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ABCP team 'ready to make deal' with retail investors


John Greenwood
Wednesday, March 26, 2008

Amid a growing outcry from angry retail holders of frozen asset-backed commercial paper, the head of a committee overseeing the restructuring of the $32-billion market says he is ready to "make a deal."

 

"I can't say what the deal will be - I can just tell you we will make a deal," said Purdy Crawford.

 

Allen McInnis/Canwest News Service

Purdy Crawford leads the panel seeking a restructuring of frozen asset-backed commercial paper.

Mr. Crawford told a business luncheon in Toronto that it may be necessary to improve the terms of the restructuring for retail holders of ABCP in order to win their vote of approval. But he offered a word of caution: "I'm hopeful retail investors will get some good advisors and come to the table realistically."

Under the proposed arrangement, all investors will receive new restructured notes with maturities based on the underlying assets. But because of the ongoing credit crunch, the notes are expected to trade well below par, at least in the near future. Indeed, many analysts predict that even if investors can hold them to maturity, they may still end up facing losses.


Many retail investors who own the notes are angry because they say they were never warned by the banks that sold it to them about the associated risks. Indeed, some claim they were misled. Last week, a noteholder group led by Brian Hunter, a Calgary-based engineer with about $650,000 of his savings tied up in seized up ABCP, said they would block the restructuring unless they are made whole by the banks and financial institutions that are backing it.

More than 80% of the notes are held by a few dozen companies and institutions such as the Caisse de dépôt et placement du Québec. But there are about 1,600 retail investors -- putting them in the majority -- and that is key because in order for the restructuring to proceed it must get the nod from more than half of all note holders.

Mr. Crawford said he expects the crucial noteholder vote to take place at the end of April. He said he is optimistic the restructuring will get the green light, in which case it could be completed by the middle of May.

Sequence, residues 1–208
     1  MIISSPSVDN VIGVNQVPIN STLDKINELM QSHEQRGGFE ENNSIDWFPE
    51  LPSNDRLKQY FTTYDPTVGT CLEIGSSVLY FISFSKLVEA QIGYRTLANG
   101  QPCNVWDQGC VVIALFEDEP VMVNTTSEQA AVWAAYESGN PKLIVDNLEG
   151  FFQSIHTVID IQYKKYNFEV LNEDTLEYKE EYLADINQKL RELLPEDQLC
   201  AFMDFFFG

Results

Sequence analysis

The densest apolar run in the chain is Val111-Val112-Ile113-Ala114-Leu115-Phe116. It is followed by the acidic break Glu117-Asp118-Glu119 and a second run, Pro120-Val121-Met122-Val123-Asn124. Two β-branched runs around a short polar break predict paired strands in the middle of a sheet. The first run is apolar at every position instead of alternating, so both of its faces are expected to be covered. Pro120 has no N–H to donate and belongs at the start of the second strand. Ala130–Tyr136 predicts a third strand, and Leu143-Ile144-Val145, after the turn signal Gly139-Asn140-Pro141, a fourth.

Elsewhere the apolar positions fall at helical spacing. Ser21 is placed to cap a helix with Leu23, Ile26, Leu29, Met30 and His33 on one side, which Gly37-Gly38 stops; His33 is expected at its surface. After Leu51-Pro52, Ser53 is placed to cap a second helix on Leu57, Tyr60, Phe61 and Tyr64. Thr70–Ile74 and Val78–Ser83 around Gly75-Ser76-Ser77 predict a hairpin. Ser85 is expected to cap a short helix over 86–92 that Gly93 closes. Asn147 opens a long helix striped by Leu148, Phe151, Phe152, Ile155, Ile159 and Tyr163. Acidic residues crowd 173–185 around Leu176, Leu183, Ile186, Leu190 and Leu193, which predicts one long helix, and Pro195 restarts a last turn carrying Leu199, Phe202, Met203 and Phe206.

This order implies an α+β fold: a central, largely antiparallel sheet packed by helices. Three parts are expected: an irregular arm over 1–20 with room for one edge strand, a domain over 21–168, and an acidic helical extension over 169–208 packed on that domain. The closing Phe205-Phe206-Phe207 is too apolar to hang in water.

"I've talked to a fair number of the noteholders and some of them are angry, justifiably from their perspective," he said. "They know they have some power and are not going to hesitate to use it. My real concern is that they will overplay their hand and the whole thing will come crumbling down."

Mr. Hunter said he is pleased the voices of individual noteholders will be heard. "This is about getting a seat at the negotiating table," he said.

The market for non-bank sponsored ABCP seized up in early August after issuers were unable to roll maturing paper. A group of financial institutions led by the Caisse, the biggest player in the market, launched a rescue plan known as the Montreal Proposal on August 16.

Under the plan, the old ABCP would be converted to floating rate notes with maturities linked to the underlying assets. The backers hoped that the credit markets would right themselves by the time the deal was done, so that the new notes would trade close to their face value. Instead, the turmoil grew worse, causing some of the participants to become less supportive. Indeed, Mr. Crawford said, there were times when he feared the restructuring would fall apart.

However, conditions have improved significantly over the past two weeks and many industry insiders are already breathing sighs of relief.

One of the most controversial aspects of the restructuring are the legal releases provided for all the backers. The releases basically protect them from any law suits that might be filed by investors or other market participants.

Mr. Crawford defended the decision to include the releases. "What we did was the art of the possible," he said.

He said investors will likely get most of their money back if they hold their notes to maturity. However, where they trade in the secondary market that is expected to develop, "God only knows," he added.

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